Authorities in the US state of Alabama plan to execute a man convicted of murdering his former girlfriend on Thursday, despite his victim's family's opposition to the death penalty.
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Joe Nathan James, a 49-year-old African-American, is to receive a lethal injection in the evening in a penitentiary in this rural state in the southern United States.
He was condemned to the death penalty for having killed, in 1994, Faith Hall, a young woman of 26 years whom he harassed since the end of a short relationship.
Since Alabama set a date for his execution, his victim's daughters, aged three and six at the time of the tragedy, plead for him to be spared.
"Taking her life won't bring Faith back, it won't allow us to turn the page," Terryln Hall told CBS 42.
"We shouldn't take ourselves for God," added his sister Toni Hall. "'An eye for an eye' is not a good principle of life."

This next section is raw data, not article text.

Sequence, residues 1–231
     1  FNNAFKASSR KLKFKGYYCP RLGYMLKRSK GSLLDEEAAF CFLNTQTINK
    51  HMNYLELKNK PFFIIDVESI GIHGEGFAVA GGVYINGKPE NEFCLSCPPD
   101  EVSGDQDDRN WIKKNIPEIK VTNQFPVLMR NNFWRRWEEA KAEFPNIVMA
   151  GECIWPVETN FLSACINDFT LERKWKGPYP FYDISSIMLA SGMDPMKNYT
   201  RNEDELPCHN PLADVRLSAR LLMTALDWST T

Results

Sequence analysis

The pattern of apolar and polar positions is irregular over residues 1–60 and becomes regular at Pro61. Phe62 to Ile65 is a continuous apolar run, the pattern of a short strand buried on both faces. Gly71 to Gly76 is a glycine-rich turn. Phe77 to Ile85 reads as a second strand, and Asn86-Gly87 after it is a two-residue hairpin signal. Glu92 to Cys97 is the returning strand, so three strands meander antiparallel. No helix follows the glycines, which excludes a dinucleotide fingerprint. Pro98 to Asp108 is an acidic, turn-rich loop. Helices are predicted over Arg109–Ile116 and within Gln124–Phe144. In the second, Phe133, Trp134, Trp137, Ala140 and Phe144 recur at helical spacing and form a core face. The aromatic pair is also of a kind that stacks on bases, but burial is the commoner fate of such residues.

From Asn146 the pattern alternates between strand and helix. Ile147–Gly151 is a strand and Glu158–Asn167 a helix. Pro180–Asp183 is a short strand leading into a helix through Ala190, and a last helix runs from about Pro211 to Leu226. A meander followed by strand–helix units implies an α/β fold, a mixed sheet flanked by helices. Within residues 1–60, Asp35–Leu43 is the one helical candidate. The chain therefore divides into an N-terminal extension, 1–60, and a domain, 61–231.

After Governor Kay Ivey refused to intervene, these statements were put forward by Joe Nathan James' lawyer in an urgent appeal to the United States Supreme Court asking it to stay the execution.
The Hall sisters "were too young at the time of the trial for their opinion to be taken into account, but the victims and their families (...) deserve to be heard on the question of the sentence finally imposed on the criminals", has writes James Ransom in his appeal, which raises other procedural issues.
If the High Court does not agree with him, Joe Nathan James will become the eighth convict executed since the beginning of the year in the United States.